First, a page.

Wednesday, December 4, 2013

Baby and the Hula

Those who dance are considered insane by those who cannot hear the music.
–– George Carlin

I recently came across this 1927 tourist postcard of a young Hawaiian girl dancing the hula.  The penciled note on the back said, “Elizabeth Beamer who danced the Hula at the Volcano House, Hilo, Hawaii, May 2, 1927.”  The message was brief, but in combination with the striking pose of the young girl it was more than sufficient to warrant adding this card to my collection of real photo postcards with hand-written narratives. 



Elizabeth Beamer, Volcano House, Hilo, Hawaii, 1927


I sent a scan of this postcard to my friend Charlie Dahlberg, who grew up in Hilo, Hawaii, and whose family had a long-standing connection to the art of the hula.  I hoped that someone in his family might have heard of this young entertainer. I received a return email almost immediately – the young girl in the photo was his mother!

This extraordinary coincidence took Charlie and me by surprise – we were both amazed that I happened upon a real photo postcard of his mother  and that I chanced to share it with him.

My friend Robert and I first met Charlie during a two-week dory trip through the Grand Canyon in 2004.  After our first campsite supper, we noticed Charlie sitting by himself reading a beat-up copy of Atlantic Monthly.  That set him apart right away – I mean, who reads the Atlantic Monthly while on a trip through the Grand Canyon?  Robert struck up a conversation with Charlie about politics, and as the trip progressed we realized that he was well read, well traveled, and quite knowledgeable on many subjects.  He was also a welcome participant in all the trip activities and both he and Robert could out-hike most of the younger members of our group. We also took note of the fact that Charlie could swim with the agility of a fish and never missed an opportunity to bathe or swim in the river no matter how cold or rough the water.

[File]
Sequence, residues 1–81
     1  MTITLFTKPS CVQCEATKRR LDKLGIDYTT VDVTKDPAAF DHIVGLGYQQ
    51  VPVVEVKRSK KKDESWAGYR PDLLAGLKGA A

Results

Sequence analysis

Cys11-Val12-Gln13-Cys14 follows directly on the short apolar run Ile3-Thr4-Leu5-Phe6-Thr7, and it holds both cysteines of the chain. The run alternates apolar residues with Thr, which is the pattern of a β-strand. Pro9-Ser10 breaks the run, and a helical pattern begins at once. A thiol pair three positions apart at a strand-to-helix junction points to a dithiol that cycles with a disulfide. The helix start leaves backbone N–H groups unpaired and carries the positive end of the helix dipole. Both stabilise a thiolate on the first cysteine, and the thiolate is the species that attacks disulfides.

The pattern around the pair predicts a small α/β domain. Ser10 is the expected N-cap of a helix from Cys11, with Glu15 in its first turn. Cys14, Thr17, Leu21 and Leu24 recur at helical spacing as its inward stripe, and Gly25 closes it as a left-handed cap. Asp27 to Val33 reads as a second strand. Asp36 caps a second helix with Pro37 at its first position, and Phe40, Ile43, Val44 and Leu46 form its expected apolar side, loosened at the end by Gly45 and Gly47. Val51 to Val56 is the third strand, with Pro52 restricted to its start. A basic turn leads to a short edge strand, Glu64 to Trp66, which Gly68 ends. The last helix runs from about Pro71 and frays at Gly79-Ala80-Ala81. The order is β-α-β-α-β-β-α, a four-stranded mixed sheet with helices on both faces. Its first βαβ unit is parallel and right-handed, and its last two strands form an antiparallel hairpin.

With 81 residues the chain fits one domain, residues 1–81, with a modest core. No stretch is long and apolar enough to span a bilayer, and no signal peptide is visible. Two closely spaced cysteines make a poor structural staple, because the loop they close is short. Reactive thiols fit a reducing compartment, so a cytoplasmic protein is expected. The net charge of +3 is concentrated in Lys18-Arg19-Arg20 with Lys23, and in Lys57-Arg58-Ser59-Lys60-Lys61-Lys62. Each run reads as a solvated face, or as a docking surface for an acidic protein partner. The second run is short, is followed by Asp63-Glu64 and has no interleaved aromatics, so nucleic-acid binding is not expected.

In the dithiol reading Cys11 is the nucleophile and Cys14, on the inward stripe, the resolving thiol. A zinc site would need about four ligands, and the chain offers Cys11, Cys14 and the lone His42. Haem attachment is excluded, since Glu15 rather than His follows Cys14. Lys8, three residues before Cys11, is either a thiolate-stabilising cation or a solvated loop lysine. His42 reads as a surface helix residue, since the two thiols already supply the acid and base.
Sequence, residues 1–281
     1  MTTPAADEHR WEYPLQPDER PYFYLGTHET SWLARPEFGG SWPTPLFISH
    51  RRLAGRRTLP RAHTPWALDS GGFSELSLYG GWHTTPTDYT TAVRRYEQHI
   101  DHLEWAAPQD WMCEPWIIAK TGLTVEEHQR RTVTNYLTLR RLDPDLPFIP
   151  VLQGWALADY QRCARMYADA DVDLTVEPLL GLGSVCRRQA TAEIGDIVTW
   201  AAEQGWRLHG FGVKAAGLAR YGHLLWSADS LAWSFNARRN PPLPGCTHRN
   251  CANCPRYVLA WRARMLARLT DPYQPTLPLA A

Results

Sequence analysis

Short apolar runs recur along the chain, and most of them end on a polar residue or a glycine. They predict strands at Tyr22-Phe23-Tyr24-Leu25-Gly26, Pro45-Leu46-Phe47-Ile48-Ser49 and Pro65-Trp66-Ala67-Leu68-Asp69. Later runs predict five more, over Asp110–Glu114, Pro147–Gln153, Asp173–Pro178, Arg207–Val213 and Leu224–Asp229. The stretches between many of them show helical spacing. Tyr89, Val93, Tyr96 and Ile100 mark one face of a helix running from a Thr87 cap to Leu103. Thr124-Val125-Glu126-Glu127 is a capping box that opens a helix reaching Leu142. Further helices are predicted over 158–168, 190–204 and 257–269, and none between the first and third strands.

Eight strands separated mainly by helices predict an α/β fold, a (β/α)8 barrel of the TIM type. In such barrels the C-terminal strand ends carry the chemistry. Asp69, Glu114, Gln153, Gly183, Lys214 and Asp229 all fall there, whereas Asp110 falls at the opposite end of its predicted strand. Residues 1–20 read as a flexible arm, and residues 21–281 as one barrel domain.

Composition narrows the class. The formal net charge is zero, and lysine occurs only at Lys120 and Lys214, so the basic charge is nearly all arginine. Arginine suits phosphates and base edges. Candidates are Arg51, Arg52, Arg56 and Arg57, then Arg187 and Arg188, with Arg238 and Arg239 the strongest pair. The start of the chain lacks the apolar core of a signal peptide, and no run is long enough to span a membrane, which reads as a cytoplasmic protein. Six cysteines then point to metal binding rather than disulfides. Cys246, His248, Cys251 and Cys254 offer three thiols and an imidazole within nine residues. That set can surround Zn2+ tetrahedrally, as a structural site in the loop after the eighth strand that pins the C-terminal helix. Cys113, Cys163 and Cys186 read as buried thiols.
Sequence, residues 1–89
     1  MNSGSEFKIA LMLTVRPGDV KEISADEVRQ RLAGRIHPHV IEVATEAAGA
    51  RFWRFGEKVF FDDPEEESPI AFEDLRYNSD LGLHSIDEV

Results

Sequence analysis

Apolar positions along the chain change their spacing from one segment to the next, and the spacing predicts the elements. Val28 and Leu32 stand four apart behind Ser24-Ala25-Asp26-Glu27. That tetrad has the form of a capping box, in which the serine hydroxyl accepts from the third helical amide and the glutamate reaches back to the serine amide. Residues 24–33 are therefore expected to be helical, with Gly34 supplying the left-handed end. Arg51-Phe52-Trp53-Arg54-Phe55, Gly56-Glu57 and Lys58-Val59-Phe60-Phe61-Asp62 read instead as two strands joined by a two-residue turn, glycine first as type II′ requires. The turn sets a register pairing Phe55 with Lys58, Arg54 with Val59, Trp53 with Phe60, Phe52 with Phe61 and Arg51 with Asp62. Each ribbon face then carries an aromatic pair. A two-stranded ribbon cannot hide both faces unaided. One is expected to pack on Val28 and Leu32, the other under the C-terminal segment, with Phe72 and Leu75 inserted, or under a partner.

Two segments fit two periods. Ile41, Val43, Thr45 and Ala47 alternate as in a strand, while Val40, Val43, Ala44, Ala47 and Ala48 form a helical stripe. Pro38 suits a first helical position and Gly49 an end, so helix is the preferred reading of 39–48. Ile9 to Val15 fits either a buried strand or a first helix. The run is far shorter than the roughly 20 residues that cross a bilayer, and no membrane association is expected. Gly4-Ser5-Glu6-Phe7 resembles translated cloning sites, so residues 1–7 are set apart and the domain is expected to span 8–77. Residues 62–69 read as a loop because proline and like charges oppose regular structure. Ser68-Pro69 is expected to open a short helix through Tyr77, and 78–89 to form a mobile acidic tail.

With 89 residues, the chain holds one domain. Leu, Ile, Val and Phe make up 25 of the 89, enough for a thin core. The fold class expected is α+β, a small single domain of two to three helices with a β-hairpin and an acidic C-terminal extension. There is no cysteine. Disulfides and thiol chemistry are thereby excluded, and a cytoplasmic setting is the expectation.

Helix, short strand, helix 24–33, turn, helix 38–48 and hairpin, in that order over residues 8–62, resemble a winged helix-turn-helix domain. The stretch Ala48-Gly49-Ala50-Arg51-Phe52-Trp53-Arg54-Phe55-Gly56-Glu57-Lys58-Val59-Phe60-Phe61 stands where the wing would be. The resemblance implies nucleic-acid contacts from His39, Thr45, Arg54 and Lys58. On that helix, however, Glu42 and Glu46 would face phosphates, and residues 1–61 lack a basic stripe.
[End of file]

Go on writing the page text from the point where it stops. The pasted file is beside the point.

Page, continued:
In the years since the Grand Canyon trip, Charlie has become one of the regulars in our casual group of river runners, joining us at least once a year for canoe or kayak trips and, when prompted, he will tell us stories about growing up in Hawaii.

Charlie’s father, Bill, was a Texan who met and married a young Hawaiian woman just before WWII. (Yes, the young lady in the photo had grown up.) After the war, Bill settled into life with his wife’s large extended Hawaiian family.

One of the pleasures of river trips is sitting around a campfire and talking without the presence of electronic devices or television. As one might imagine, the topics on our “travels with Charlie” varied from deep philosophical questions to crude humor, but somewhere in that mix one subject that came up a few times was the hula.